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In this course, author and digital imaging expert Tim Grey teaches you how to use the Library module in Adobe Lightroom 4 to manage your images, ensuring that you'll always be able to find any image you need, when you need it. Learn how to make full use of the Import feature, sort and organize your images, add keywords and otherwise identify key images, filter and search images, create backups, and much more. Plus, get lots of tips on configuring the Lightroom interface to suit the way you work, making everything you do faster and easier.
After I've used the Grid View in the Library Module to perform a basic review, mostly reminding myself of which images are included in this photoshoot before I start a more detailed review. I'm ready to move into evaluating each image by itself. Each individual image one at a time, and for that I'll use the Loupe View. The Grid View of course is accessible by pressing the letter G on the keyboard or by clicking the first button on the toolbar below the Images. To switch to the Loupe View, I can click on the Loupe View button or simply press the letter E on the keyboard.
One way to remember that E is the keyboard shortcut for the Loupe View is that there's an E on the end of Loupe. Generally speaking, when I'm reviewing my images in the Loupe View, I want to get rid of all of the panels except the filmstrip down at the bottom. I like to keep tabs on which image I'm currently looking at and where I am in the overall sequence. So I'll press the Shift+Tab keys in order to hide all panels. And then I'll click on the stub for the Filmstrip, to bring that back up. I could also hide the toolbar if I wanted to to give myself a little bit more room for the images. I could do that by pressing the letter T on the keyboard. Now, I can go through the images.
I'll generally use the arrow keys on the keyboard to navigate among the individual images that I want to review. My primary focus is on getting a sense of which images look the best and which images are perhaps my favorites. Along the way, of course, I might be marking these images in some way. For example using pick flags, star ratings or color labels, but for now we'll just focus on the actual process of going through the photos. If at any time I want to evaluate an image a little bit more closely, I can simply click on the image. For example, maybe I'd like to see if this image is actually sharp. I can click on the image, an that will take me up to a one to one view, a 100% zoom.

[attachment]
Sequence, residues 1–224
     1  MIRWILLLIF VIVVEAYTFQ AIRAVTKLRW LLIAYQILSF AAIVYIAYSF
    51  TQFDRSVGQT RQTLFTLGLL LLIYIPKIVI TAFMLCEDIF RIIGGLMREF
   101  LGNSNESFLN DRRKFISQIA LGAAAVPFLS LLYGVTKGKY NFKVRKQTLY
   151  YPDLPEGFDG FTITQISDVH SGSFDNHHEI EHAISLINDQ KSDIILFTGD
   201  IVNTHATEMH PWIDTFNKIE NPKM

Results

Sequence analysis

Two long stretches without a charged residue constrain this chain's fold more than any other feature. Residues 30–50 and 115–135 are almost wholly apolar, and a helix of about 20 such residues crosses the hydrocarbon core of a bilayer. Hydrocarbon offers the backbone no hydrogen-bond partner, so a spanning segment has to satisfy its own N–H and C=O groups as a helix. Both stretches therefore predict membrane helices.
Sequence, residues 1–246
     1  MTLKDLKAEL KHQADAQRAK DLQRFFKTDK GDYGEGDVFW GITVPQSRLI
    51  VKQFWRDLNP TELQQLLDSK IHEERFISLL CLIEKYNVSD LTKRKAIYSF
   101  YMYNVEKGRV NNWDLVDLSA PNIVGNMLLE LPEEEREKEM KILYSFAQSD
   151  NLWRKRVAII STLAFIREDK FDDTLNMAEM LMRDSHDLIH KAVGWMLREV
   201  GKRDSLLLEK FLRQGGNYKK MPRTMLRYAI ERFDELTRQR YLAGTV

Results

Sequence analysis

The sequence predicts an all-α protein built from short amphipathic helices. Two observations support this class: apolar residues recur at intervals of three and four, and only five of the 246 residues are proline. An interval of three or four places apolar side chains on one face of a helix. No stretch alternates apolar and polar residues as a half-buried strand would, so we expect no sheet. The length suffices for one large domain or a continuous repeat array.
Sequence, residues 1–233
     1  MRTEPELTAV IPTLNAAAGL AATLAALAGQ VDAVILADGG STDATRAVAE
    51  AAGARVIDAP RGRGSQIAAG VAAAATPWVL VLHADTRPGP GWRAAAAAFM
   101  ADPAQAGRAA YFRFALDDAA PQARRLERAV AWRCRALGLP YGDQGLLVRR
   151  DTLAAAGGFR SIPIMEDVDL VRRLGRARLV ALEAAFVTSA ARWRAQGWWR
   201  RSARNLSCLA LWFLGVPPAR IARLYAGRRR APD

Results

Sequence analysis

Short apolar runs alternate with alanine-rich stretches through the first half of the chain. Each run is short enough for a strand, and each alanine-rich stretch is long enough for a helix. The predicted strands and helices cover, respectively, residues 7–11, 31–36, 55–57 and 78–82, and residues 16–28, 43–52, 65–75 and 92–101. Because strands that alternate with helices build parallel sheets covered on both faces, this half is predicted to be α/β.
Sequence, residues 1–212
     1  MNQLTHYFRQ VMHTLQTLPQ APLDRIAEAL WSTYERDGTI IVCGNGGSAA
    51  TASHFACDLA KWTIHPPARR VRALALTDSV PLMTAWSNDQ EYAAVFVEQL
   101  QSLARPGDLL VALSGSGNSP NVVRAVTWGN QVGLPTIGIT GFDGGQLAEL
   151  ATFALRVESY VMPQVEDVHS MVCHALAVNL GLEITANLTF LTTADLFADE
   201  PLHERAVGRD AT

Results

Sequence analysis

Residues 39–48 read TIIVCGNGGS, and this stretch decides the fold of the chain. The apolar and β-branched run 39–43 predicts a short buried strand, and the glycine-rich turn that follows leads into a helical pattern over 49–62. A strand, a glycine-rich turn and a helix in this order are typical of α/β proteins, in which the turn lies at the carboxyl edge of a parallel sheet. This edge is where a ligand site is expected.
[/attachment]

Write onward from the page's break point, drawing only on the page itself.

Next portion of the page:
I want to wait until the full resolution image loads, and then I can click and drag to pan around in the image. And it looks like this image is reasonably sharp. It does seem to be slightly soft. I'm not sure if that might be a motion blur. I can bring back the right panel, so that I can take a look at the histogram, that can be useful for evaluating the overall exposure. Here for example, the image could have been exposed just a little bit brighter, but I also want to evaluate the shutter speed. And here it was a 160th of a second shutter speed, if I scroll down into my Metadata section, I can take a look at what lens focal length was used.
In this case it was shot with the 24 to 105 millimeter lens at a focal length of 58 millimeters. So a 60th of a second is really about the minimum I would want to use in those circumstances, and that certainly explains why there's a little bit of softness. This was a handheld shot. Once I'm done evaluating the image a little more closely, I can simply single click on the image to go back to the fit to Image view, so I can see the entire image once again. I think for the moment, I'll leave the right panel visible, so I can evaluate the histogram as I'm moving along. I'll go ahead and press the right arrow to move to the next image. We can see that this image obviously has a bit of a Silhouette effect. That's obvious from the image itself as well as from Histogram. And some blown-out details here, but because it's lights at night, that's not going to be problematic.
Again, just getting an overall sense of the images, zooming in as needed, taking a look at some of the Capture settings. And perhaps evaluating the histogram to get a better sense of that overall exposure. The point is to take a careful look at the images, to navigate among the various images, to zoom in as needed, to evaluate the details. So that we can make a more informed decision about which images are potentially our favorites and which ones might need a little bit of work. And also, to be thinking about how we're going to rank those images, regardless of whether we're using pic flags, star ratings, or color labels to help us identify our favorite images later.
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